In the controversial illustration, a woman wearing glasses holds a story book and sits on a chair labeled the media as she reads to a wide eyed, open mouthed young child. The book is entitled Treyvon Martin and The Case of Yellow Journalism, with Trayvon's name misspelled. The mother reads to the child and then...the big bad white man killed the handsome, sweet, innocent colored boy.
The Trayvon Martin case has inspired nationwide rallies, large media interest and debate about race relations in the country since Trayvon Martin was shot by neighborhood watchman George Zimmerman while walking home from a convenience store in Florida a month ago. The cartoon has been virulently criticized by the universities alumni, students, and social commentators including Pulitzer Prize winning cartoonist Ben Sargent.
When you are working as a cartoonist, it's important to know that the cartoon medium is a very powerful medium, said Sargent, according to NBC. It's a weapon that needs to be wielded with some skill, and you want to hit the mark accurately.
The Daily Texan compiled and posted some of the complaints posted by readers about the cartoon.
To be clear, I am not a 20-something student. I am a 55-year-old woman who never gave up on a dream to graduate from UT. I slogged my way through my courses to gain enlightenment and to review my personal history in a new light. I grew up during the Civil Rights era and watched the events unfold firsthand. Today, I saw all of it crumble under the weight of racism on campus. Shame on all of you, wrote Cindy Hough, a University of Texas alumna.
The Daily Texan is beginning to build up a reputation of poor judgment, and it honestly doesn't do anyone who graduated from UT, or anyone attending the University, any favors. Not to mention how it makes the 4 percent of undergraduates who are African-Americans feel, wrote Ryan Cunningham, a University of Texas alumnus.
Soon after the cartoon was criticized, Eisner responded to outraged readers by explaining her motives in the Daily Texan.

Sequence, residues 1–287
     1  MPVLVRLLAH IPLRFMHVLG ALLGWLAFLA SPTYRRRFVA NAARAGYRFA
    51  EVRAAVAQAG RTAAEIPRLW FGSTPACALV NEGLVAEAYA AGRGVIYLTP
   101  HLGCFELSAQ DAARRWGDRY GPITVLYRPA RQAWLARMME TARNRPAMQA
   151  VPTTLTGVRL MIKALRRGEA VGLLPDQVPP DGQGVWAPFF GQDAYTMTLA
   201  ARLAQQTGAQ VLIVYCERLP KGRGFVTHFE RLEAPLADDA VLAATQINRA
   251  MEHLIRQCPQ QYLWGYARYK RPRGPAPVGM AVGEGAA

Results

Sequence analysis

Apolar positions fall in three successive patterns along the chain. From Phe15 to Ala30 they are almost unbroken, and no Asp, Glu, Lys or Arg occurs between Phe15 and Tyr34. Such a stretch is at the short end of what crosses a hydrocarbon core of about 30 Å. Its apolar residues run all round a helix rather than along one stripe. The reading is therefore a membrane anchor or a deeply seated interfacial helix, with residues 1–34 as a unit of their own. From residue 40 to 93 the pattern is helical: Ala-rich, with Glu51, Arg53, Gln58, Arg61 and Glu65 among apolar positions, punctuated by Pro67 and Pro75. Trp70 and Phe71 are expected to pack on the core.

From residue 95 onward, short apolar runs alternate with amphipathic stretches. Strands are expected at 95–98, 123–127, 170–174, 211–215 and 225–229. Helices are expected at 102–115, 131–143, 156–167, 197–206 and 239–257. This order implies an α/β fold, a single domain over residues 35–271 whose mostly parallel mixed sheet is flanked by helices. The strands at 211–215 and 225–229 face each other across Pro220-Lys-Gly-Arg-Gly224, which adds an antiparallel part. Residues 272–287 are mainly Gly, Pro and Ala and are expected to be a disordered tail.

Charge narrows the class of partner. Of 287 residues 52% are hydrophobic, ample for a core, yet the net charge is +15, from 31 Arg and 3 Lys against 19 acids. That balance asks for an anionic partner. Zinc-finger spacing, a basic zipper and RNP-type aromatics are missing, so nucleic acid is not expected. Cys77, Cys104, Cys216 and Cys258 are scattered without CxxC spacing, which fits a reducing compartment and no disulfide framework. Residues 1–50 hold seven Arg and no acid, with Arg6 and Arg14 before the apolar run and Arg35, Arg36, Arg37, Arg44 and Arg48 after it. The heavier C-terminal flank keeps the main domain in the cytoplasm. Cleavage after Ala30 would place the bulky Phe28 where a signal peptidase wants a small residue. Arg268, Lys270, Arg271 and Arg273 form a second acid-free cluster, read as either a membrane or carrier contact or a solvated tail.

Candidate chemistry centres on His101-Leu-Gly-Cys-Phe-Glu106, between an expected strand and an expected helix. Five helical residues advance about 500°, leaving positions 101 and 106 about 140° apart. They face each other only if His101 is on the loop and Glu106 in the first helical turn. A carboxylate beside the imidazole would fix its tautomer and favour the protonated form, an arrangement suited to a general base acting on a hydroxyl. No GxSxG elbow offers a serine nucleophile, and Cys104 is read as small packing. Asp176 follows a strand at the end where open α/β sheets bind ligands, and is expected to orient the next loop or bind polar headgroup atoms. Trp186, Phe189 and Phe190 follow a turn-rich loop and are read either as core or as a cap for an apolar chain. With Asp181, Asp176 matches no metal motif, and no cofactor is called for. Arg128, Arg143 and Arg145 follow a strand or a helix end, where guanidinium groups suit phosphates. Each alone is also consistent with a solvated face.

I feel the news should be unbiased. And in the retelling of this particular event, I felt that that was not the case, Eisner, who has drawn up cartoons on such sensitive topics as the killing of Afghan citizens, congress, and the contraception debate. My story compared this situation to yellow journalism in the past, where aspects of news stories were blown out of proportion with the intention of selling papers and enticing emotions.
Later, on Wednesday, she apologized for the cartoon through an e-mail to Gawker, assuring readers that she did not mean to offend anyone.
I apologize for what was in hindsight an ambiguous cartoon related to the Trayvon Martin shooting, she told Gawker. I intended to contribute thoughtful commentary on the media coverage of the incident, however this goal fell flat. I would like to make it explicitly clear that I am not a racist, and that I am personally appalled by the killing of Trayvon Martin. I regret any pain the wording or message of my cartoon may have caused.
The Daily Texan's editorial board also wrote an apology letter to its readership.
We made a mistake, and we understand that the outcome of our action extends beyond Tuesday's cartoon and prompts us to reflect on a larger problem that persists at The Daily Texan and on the campus of the University of Texas at Austin, something we should have done before Tuesday's paper ran.
The Daily Texan has since removed the cartoon from its website.